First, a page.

Category Archives: Miscellaneous

  • Keeping a Virginia Log Home Cozy and Warm in the Winter Months

    The winter months are upon us and nothing says cozy like a Virginia Log Home. Just walking into a log home can conjure up feelings of an Alpine holiday vacation. When the temperatures drop outside how do you keep your beautiful log home warm and cozy? Continue reading to discover the best ways to keep your Virginia log home warm and ways to make the interior feel cozier no matter what the temperature is outside.

    How your log home is constructed will make a difference in how best to keep it feeling toasty warm in colder weather. First your log home must be built with seasoned logs which is a process of drying out the logs for at least 6 months in a protected environment. Traditionally built log homes cannot be insulated unless you add framing and sheetrock to the inside which will hide the logs and create a modern looking interior. If this is the look you are going for – perfect – then you will not need to read any further, you can simply add traditional wall insulation. However if you dream of a traditional log home with the logs exposed on the interior walls then you will need some information on how to keep your log home as warm as possible. The first thing to know is that the logs are your insulation. Although logs are not rated as high as traditionally constructed homes for insulation rating, log homes have the benefit of Heat Battery Effect (especially darker colors). This means that during the day the logs in your home are absorbing the heat from the sun. In the evening this heat is released back into the air including the air inside your home and helps keep your interior warm after dark.  Whether building a new log home or purchasing a log home that is already built, you will need to take steps to prevent air leakage. To do this you must take a look at all of your walls, windows and doors. If you can observe gaps in the walls then you will need to fill the gaps with some form of chinking (filler between logs). Should you observe gaps around windows and doors then you will want to seal these gaps with caulk or a foam sealant. Adding weather stripping after you seal gaps around your doors and windows will help keep out drafts and will go a long way to keeping your log home warm and cozy. 

    Although cathedral ceilings are gorgeous and create a sense of space, they are not the best option if you want your log home to be energy efficient. Energy efficiency will help to keep your home warm and dry. When building or buying a log home think about your ceiling height. The best ceiling to create the warm cozy log cabin feel that you are going for is a tongue and groove flat ceiling which retains heat in a way that cathedral ceilings cannot. When deciding on insulation and heating options keep your floors and ceilings at the front of your mind. 70% of all heat escapes through the roof and floor of your log home so be certain to insulate your floors and ceilings. Adding radiant floor heating is another option – although the initial cost is dramatic it will also help keep your feet warm and eliminate cold spots throughout the home. Windows also need to be considered when you are trying to create a warm and cozy cabin feel. Whether you choose floor to ceiling windows that allow you to take in the amazing views or you decide on more traditionally sized, be certain that the windows installed are double or triple glazed to help keep the cold air out of your home in the winter.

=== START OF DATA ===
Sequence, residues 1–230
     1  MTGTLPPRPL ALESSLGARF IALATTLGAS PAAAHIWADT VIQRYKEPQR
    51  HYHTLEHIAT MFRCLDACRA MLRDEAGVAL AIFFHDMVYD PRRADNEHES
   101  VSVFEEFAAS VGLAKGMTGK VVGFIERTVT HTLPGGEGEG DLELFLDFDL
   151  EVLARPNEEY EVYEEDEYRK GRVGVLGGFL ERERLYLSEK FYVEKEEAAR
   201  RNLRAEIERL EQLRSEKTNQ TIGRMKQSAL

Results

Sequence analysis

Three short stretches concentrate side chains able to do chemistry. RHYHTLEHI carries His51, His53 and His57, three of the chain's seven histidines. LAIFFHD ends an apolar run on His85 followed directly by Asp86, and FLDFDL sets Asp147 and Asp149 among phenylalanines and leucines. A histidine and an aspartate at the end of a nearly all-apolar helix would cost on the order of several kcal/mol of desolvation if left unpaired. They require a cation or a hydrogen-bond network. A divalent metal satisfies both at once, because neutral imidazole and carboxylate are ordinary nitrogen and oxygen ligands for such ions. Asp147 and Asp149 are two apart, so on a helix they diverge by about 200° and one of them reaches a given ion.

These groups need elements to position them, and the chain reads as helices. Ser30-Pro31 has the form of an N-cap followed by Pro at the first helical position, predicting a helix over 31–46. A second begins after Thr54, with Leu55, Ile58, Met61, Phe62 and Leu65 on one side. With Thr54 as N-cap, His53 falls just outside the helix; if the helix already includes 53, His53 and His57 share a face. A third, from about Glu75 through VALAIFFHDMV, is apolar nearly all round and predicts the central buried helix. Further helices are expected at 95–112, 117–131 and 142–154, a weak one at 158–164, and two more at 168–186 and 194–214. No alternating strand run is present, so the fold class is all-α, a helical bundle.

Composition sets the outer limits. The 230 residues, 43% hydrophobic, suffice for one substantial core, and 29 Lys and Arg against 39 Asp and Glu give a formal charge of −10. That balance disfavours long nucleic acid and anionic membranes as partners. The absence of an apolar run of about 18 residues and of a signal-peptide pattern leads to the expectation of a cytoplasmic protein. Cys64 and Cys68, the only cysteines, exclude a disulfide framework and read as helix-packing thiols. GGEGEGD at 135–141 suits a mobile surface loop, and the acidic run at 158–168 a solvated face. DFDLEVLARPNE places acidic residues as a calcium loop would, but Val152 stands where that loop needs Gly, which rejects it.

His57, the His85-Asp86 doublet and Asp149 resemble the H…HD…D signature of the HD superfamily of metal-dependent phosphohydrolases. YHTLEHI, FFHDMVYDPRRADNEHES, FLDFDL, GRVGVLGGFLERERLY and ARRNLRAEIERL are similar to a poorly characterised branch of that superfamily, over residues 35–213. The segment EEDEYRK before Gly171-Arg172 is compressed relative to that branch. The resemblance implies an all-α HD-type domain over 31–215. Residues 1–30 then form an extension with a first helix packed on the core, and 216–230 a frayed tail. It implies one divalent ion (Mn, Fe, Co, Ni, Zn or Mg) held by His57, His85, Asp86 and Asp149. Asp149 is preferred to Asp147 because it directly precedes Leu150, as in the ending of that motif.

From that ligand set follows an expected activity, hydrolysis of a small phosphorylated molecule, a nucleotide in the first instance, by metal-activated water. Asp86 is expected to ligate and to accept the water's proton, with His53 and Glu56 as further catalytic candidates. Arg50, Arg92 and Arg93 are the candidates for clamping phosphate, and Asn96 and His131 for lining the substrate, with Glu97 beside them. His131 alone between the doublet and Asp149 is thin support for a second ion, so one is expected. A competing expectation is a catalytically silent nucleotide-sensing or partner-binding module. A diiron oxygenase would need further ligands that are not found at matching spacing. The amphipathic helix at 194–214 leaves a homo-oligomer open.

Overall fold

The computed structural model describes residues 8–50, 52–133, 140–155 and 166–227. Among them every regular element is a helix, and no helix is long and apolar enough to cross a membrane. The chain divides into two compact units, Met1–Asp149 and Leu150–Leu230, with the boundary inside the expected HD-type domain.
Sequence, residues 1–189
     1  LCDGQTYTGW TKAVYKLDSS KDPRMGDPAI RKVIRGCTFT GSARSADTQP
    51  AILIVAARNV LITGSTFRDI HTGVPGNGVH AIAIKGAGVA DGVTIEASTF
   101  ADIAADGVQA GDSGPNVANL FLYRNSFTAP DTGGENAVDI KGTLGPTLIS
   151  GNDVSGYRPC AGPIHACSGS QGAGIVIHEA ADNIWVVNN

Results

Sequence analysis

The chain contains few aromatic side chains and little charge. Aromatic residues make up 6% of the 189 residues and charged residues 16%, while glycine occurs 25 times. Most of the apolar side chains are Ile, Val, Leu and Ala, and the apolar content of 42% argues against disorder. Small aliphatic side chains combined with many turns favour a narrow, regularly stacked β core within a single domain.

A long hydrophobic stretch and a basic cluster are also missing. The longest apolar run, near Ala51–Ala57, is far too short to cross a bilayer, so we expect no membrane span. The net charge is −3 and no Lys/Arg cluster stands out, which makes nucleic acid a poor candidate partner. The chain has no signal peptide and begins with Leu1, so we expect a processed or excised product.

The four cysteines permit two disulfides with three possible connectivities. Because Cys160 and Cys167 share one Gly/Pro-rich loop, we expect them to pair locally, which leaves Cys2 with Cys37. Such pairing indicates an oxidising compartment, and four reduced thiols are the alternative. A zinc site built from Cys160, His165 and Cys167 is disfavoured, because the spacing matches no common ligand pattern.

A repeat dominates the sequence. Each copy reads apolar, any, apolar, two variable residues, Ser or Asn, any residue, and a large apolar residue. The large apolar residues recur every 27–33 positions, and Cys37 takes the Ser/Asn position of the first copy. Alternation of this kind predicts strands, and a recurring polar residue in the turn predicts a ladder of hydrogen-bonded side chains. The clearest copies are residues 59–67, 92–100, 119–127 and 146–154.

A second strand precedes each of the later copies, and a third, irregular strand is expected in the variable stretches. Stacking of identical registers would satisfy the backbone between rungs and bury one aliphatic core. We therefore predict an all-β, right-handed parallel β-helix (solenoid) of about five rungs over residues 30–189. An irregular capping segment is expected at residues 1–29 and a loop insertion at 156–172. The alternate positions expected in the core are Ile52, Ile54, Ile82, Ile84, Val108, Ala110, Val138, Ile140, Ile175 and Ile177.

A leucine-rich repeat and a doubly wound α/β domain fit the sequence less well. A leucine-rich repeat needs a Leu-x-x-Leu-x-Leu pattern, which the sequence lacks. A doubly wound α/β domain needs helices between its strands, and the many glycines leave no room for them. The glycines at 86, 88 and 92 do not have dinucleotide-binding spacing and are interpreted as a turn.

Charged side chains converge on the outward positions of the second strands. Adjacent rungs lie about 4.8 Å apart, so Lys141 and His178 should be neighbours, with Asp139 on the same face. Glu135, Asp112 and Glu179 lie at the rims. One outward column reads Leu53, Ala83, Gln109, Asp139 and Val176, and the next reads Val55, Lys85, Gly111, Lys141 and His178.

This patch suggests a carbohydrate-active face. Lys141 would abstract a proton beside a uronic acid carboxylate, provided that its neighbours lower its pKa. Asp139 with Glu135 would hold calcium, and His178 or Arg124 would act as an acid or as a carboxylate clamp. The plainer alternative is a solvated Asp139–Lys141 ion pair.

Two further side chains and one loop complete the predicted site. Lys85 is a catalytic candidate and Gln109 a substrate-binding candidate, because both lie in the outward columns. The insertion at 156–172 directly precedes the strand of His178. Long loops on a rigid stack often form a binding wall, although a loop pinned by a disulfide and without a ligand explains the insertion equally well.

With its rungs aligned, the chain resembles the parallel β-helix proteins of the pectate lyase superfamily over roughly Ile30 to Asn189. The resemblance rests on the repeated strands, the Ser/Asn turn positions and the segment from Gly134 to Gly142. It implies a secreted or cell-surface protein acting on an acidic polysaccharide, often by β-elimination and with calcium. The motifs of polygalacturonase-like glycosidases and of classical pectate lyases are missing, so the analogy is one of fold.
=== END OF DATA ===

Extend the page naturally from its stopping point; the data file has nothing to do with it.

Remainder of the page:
Along with these smart building options there are decorating options that can also assist in creating the warm cozy log cabin feel that you are seeking. Instead of bright overhead lights, use lamps strategically placed throughout your home to create pools of warm light. Bring in plenty of texture. Use throw blankets in a variety of textures such as wool and bulky knit or crocheted cotton and throw pillows made of linens and faux fur. Add area rugs to create a feeling of warmth under foot. Warm colors and wood tones automatically create a sense of warmth, but don’t be afraid to add pops of color that can easily be changed out to alter the look and feel of your home. If you can, add a fireplace or a wood stove to create literal and figurative warmth to your home. Most of all, have fun.

    The building and heating suggestions above are about keeping your home actually warm, however creating a feeling of warmth has more to do with you. Have some fun and find décor ideas that you feel create a warm, homey and inviting atmosphere in your Virginia log home all winter long.

  • What to Look for in a Log Home

    A well-built and maintained log home can last for generations. But buyers new to log houses might not know what signs to look for to judge their construction and compare one log home to another. A home inspector will be able to check the house out thoroughly during the buying process, but there are a few red flags that buyers can spot on their own before moving forward with the purchase.